Will Your Hometown Newspaper Still Be Around in 6 Months?
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You might miss Circuit City and Linens & Things, two casualties of the Bush Depression. Perhaps you worked there or bought your first TV set or popcorn popper there. But unless you had a personal investment in either of those places, you won't likely miss them 5 years from now.
But you will miss the Rocky Mountain News, printing its last edition last Friday. The Cincinnati Post is already gone. And if it happens, add the San Francisco Chronicle and the Philadelphia Daily News. That list might soon include the Seattle Post-Intelligencer and the Detroit News.
You might not live in those cities; maybe you've never even been to their Web sites. But you will miss them.
In 1978, when I was a child, the Chicago Daily News came to a close. It was sad watching a newspaper publish its last edition. But in 1978, we still had a healthy Chicago Tribune and Chicago Sun-Times. Heck, the Sun-Times literally was a merger of the Chicago Sun and the Chicago Times.
Cities had pride based on whether they were a two-newspaper town. The number of two-newspaper cities is dwindling: Denver will only have one paper on Saturday; Philadelphia, Seattle, and Detroit are in serious danger of joining the group.
But San Francisco is different. While it technically has two papers, the Examiner is a joke. And Hearst is threatening to shut down the Chronicle, the only significant daily paper in one of the largest cities in the country. There is the Oakland Tribune and the San Jose News, but neither of them cover San Francisco with any significance.
Have we reached the point in the media world where two newspapers in a major city is a luxury? New York has 3½ dailies (Newsday doesn't cover the whole city); Chicago has two but both are very wounded; Los Angeles and San Francisco essentially only have one of significance. Boston amazingly has two relatively strong ones. Dallas-Ft. Worth and Minneapolis-St. Paul will likely keep two papers, only because of the two distinct cities in those markets.
Having competing newspapers in a city was vital in an era where TV news -- shallow by comparison even then -- fell short and radio news was a non-factor. Now, outside of NPR, radio news is virtually non-existent, and TV news is even shallower now. We do have the Internet, though. But is it an able substitute for having two newspapers, or possibly even one?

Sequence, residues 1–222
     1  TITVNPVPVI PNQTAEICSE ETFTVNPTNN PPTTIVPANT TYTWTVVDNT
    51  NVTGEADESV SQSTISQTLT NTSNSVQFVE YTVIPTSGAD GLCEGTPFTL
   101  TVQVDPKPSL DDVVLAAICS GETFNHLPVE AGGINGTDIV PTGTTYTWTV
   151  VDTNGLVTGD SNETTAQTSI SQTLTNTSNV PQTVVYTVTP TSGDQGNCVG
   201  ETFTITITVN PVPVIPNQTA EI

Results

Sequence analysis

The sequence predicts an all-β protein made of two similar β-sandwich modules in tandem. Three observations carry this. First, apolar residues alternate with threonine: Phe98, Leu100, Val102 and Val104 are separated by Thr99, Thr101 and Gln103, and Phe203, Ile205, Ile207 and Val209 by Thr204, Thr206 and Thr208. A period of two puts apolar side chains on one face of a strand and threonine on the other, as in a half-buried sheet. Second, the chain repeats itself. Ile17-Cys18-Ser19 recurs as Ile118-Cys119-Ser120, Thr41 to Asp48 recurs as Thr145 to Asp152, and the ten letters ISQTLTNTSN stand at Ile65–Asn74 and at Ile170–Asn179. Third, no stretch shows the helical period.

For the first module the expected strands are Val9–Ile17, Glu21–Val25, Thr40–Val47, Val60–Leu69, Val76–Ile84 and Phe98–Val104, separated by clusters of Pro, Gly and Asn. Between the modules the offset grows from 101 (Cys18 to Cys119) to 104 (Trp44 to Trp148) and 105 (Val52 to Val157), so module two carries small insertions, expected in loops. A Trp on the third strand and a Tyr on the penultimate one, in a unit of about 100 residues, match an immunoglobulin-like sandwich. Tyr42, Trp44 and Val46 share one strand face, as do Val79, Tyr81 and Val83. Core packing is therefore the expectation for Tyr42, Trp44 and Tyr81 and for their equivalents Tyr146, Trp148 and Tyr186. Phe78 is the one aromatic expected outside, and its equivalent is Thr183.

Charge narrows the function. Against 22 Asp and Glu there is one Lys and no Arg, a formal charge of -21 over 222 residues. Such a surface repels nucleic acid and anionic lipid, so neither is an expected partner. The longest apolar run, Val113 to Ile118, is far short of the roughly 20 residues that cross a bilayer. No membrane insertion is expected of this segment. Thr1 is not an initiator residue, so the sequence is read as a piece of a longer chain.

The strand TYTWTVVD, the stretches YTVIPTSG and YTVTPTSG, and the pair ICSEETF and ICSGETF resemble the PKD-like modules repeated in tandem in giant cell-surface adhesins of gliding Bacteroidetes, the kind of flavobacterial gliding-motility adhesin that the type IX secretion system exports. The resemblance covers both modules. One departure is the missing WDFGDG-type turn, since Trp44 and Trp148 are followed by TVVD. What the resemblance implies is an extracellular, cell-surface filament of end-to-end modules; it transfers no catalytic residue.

Newspapers have multiple problems -- the Bush Depression is a small part of it. A number of major newspapers were leveraged beyond belief. They have lost classified ads to Web sites such as Craigslist. But they also haven't adapted to the changing scope of how news is collected and disseminated.
There was a time where newspapers had to exist, given what advertisers wanted, regardless of the content. For years, newspapers promoted the value of the Sunday paper by saying, "the coupons alone pay for the cost of the paper."
Times have changed and newspapers have not tried to catch up to the 21st century realities. In the last eight years, newspapers -- even The New York Times and The Washington Post - missed so many Bush corruption stories and gave him the benefit of the doubt when he hadn't earned it. I'm sure newspapers felt like they got more sales in cheerleading for the Iraq War even before it started.
In the past, newspapers sold their souls for partisan gain and sales (the love of Reagan, all the countless Clinton impeachment stories), and could get away with it. Now with the Internet, we know we aren't getting the full story from newspapers.
I had the privilege of attending a forum on how to save Chicago journalism on Sunday. There was an esteemed panel, a nice mix of traditional journalism figures and the new breed -- those who run journalism Internet sites that serve Chicago. My initial views of the forum can be found here.
There was a generational divide in the room. The older people generally thought newspapers need to stop giving it away for free. The younger people felt newspapers weren't aggressive enough in making money from the Internet.